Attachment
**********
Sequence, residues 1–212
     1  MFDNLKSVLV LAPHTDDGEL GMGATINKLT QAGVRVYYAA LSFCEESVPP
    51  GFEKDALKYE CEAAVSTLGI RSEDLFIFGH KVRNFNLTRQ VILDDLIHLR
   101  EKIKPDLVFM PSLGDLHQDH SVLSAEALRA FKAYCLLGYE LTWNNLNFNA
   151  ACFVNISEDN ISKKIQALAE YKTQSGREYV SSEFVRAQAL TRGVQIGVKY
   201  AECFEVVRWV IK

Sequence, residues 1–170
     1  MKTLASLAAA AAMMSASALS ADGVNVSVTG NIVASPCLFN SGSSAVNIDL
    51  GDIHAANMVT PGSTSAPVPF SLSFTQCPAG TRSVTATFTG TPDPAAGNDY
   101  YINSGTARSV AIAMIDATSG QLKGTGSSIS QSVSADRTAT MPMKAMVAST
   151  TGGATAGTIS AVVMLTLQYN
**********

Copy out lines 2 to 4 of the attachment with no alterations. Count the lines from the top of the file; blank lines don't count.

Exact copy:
     1  MFDNLKSVLV LAPHTDDGEL GMGATINKLT QAGVRVYYAA LSFCEESVPP
    51  GFEKDALKYE CEAAVSTLGI RSEDLFIFGH KVRNFNLTRQ VILDDLIHLR
   101  EKIKPDLVFM PSLGDLHQDH SVLSAEALRA FKAYCLLGYE LTWNNLNFNA